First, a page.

Breakfast cereals - Nutritionists tell us that some popular children’s cereals contain a whopping five teaspoons of sugar in every serving. This is nearly two times more sugar than most children should consume in an entire day! For breakfast, cut the sugar cereals and add some fruit and protein.
Manage their protein - Protein is an important part of every child’s nutrition, but like anything else, protein can be overdone. Think small when it comes to meat portions; vary your proteins – lean meat, poultry, seafood, eggs, beans, nuts, soy; and try grilling, broiling, roasting or baking but not so much breading or frying.
Watch the sodium - Processed foods, especially cheesy foods; deli and luncheon meats; cured meats like bacon and sausage; and ready-to-eat foods like canned soups and chili, are loaded with sodium – too much sodium for good health. Also, avoid the packaged lunches that are aggressively marketed to kids today and single serving packages of chips. Though popular for kids’ sack lunches, they are sky high in sodium.
Find healthy treats - At last check, the USDA still has only five major food groups and treats are not one of them. So, when kids do get a treat, make it a small portion. Better yet, create healthy smoothies, frozen fruit, dippers, or homemade trail mix. That way they get something that is both sweet and healthy.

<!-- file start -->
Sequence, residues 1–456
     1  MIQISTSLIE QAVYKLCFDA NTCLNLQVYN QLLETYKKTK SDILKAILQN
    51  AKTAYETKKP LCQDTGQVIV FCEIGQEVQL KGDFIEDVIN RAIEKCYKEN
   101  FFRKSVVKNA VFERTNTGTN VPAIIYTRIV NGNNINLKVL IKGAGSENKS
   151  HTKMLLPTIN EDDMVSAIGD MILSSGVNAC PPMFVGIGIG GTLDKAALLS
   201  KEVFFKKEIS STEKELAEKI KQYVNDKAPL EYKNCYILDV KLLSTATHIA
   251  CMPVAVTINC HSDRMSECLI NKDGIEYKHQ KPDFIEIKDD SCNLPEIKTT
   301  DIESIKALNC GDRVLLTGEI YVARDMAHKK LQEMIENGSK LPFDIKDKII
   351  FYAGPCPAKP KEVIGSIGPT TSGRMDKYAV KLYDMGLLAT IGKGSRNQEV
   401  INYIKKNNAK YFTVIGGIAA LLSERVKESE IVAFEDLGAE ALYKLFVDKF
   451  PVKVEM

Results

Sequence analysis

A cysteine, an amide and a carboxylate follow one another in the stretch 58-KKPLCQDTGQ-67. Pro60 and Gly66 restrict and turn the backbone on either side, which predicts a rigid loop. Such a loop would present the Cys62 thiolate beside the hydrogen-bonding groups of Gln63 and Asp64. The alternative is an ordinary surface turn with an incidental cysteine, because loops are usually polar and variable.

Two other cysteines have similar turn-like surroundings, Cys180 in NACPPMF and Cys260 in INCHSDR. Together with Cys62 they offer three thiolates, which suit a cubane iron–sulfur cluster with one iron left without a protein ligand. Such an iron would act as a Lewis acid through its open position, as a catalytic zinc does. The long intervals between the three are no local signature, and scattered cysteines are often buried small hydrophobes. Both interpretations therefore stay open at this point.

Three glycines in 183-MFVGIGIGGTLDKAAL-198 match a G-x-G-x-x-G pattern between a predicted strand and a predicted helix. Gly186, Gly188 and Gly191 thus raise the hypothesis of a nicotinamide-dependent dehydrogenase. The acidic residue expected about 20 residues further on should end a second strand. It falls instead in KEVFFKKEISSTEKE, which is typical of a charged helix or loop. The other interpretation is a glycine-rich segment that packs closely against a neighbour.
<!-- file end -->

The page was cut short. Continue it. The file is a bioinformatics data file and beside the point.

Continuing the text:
Stop the grazing - Allowing children to eat in front of the TV, at their computer, or in their bedroom, is not healthy. These can lead to the mindless consumption of a huge number of calories, and probably all unhealthy calories.
Beware of marketing - Running icon Frank Shorter astutely said “…we have marketed our way into this health crisis.” Just consider the packaged lunches and after-school snacks being aggressively marketed to kids today. They are hugely popular, but also are sky high in calories, sodium and almost anything else that is unhealthy. When kids start asking for this or that in their lunch, think twice. They probably saw it advertised on kids’ TV and that alone should set the alarm bells ringing.
Limit sports drinks - For athletes who train hard for more than 60 minutes, sports drinks may have some value. For everyone else, and that includes most every child, they offer little more than extra calories, sugar, and sodium to our diets. Sports drinks are a huge profit-driven industry that has targeted our children but offers little or nothing to their overall health. Kids, when running, or for that matter doing any sport, should drink water before, during and after each game or practice.
Beware of any kids’ meal advertised as healthy – Kids’ meals in most restaurants, and in particular, the fast-food restaurants, are anything but healthy. What these restaurants do is add a cup of applesauce or a small bottle of fat-free milk to the fries and burger or fried chicken and call it good. It isn’t, not by a long shot.
And make allowances - Don’t stop kids from eating their favorite foods but try to serve them less often and in smaller portions. A second hot dog at a picnic or an ice cream cone on a hot day will not destroy all your efforts to have them eat healthy.
The Journal of Youth Running is supported by
THE MICHIGAN RUNNING FOUNDATION